Opened in the summer of 2020, Allegiant Stadium is located adjacent to the Las Vegas Strip and serves as the home of the Las Vegas Raiders NFL team. With a capacity of 65,000, the fully enclosed and climate-controlled stadium hosts world-class entertainment including concerts and special sporting events.
This massive stadium is backed by some impressive, NFL superstar-level statistics: 28,000 tons of structural steel, twelve miles of drilled shaft concrete, forty-four escalators, and 75,000 square feet of video boards were all part of the stadium’s construction.
But let’s focus in on one particular sign in this project—a 6-foot-by-24-foot Coca-Cola cabinet sign located in the upper seating areas.
High Impact Signs, Steel, and Specialties in Henderson, Nevada was brought in on the project through the global brand experience agency ASTOUND Group.
“They got a bunch of the work for the interior, and we got a handful of that work,” explains Eric Thomas, operations manager at High Impact Signs, Steel, and Specialties. “Also we did various other signage around the property—panel flex cabinets, acrylic letters, illuminated vases, [and] decorative pieces—and we still do some service contracts for other vendors on some of the message units and things like that.”
High Impact Signs has been around since the early ’90s. When the current owner bought the business about twelve years ago, they expanded into Vegas and have been growing ever since.
“We pride ourselves on being able to do everything,” says Thomas, who explains the full-service company handles everything from small vinyl graphics to large electronic message centers.
For the Coca-Cola sign, High Impact Signs built the cabinet from welded aluminum and used polycarbonate for the face. The inside of the cabinet was painted with white Axalta paint to help with light disbursement.
The main challenge in fabricating the cabinet was that, despite its size, it had to be thin.
“Normally cabinets of that size and scale go between six to twelve inches deep,” says Thomas. “That cabinet, where it lived in the stadium, was beholden to the ADA standards of not protruding further than four inches from the wall. So that really restricted us on how deep we could make the cabinet.”
In addition to the challenges on depth, High Impact Signs had to make sure the cabinet was sturdy, since it would be at the pedestrian level and accessible to the public.
“We wanted to make sure that it was a very stout cabinet and that the face hung in there very well since it’s down [there] available to the public,” says Thomas. “It can be touched or leaned on—all those kinds of things.
“[We needed] good retainers [and] a good hanging bar system; it had to be able to be touched without denting or easily being scratched.”
A first-surface, digital print laminate printed with an HP Latex printer was used for the face. The graphic includes the Coca-Cola logo, the words “Red Zone,” and a red stripe against a black background.
To match the Coca-Cola brand colors, including that signature red, Thomas says they do a lot of hand matching.
“We’ll print out large swaths of samples and then hand match under the correct lighting to make sure that we get it correct,” he explains. “The only way to do it right is to get it under the right lighting and have somebody manually make sure that we’re doing it. We don’t ever trust just print formulas or anything like that. We have our team actually make sure that it matches.”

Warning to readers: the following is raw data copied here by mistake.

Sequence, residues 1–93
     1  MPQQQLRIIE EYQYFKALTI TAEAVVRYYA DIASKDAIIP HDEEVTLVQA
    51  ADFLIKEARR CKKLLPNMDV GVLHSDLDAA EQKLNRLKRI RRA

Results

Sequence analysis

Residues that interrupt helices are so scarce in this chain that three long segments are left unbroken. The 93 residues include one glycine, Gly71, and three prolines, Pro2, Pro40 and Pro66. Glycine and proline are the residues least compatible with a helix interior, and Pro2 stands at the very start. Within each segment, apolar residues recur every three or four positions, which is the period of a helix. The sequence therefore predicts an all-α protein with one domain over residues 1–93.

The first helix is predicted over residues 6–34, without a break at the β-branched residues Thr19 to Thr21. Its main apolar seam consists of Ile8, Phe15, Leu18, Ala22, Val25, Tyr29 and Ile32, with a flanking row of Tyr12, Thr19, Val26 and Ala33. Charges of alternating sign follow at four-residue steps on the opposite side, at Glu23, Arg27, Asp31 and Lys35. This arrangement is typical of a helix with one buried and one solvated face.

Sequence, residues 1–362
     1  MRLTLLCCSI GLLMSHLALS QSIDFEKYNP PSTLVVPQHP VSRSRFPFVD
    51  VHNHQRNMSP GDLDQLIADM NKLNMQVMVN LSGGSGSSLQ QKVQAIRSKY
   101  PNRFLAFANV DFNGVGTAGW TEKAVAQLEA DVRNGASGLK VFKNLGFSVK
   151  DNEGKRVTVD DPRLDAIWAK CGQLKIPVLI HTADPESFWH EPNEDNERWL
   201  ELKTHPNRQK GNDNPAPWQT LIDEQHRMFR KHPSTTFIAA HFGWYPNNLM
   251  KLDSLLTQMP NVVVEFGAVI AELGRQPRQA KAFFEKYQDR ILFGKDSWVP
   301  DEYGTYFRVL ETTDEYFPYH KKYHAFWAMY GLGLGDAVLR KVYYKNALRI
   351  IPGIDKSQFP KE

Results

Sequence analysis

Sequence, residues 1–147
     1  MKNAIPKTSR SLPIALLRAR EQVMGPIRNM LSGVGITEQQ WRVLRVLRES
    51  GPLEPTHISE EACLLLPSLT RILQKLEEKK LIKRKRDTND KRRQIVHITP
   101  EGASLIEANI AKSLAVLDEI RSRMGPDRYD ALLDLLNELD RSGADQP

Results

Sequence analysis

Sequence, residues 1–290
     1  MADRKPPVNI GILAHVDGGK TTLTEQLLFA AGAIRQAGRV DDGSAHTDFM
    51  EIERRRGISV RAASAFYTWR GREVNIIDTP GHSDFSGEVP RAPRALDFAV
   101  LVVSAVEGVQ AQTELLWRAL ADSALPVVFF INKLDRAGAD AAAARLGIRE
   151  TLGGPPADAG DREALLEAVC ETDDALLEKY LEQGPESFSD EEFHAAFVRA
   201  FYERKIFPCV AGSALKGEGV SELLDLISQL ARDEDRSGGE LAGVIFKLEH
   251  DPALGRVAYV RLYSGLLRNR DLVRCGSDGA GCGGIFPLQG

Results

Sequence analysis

To illuminate the face of the cabinet, High Impact Signs used SloanLED BrightLINE LED strips mounted 1.75 inches behind the face at four inches off center.
“Bringing that [cabinet] all the way down to four inches put us in a situation where to get the appropriate amount of framing and maintain any kind of depth for lighting was very hard, especially without having any kind of shadowing, hotspots, or banding,” explains Thomas, who says the shop worked with SloanLED to find the right product for the shallow cabinet.
When working with interior illuminated signs like the Coca-Cola cabinet, Thomas says it’s very important to pay attention to the ambient lighting around the sign.
“That’s something that we run into a lot—really making sure that we get the right lighting in comparison to what the customer’s actually going to see as far as their ambient lighting,” says Thomas. “In the stadium, there are lots of competing light sources, so we tried to take that into account. How bright is our cabinet going to be? What is the color rendering going to look like when you see it under that lighting? Things of that nature.”
It took three to four weeks to finish the cabinet construction, and then High Impact Signs transported the cabinet on a trailer to the job site.
The stadium had larger access points and bigger walkways, so the sign company was able to transport the sign cabinet in only two sections. The face and its hanging bar were assembled on the field because getting these longer pieces into the building was more of a hurdle.
The sign cabinet was bolted to the wall, and since the sign was so low, no service equipment was needed to complete the installation.
The stadium wasn’t open yet when High Impact Signs installed the sign cabinet, so access wasn’t an issue.
However Thomas says meeting the deadline leading up to the opening was close. “We had some pretty tight dates to get all our signage up for that property,” he says.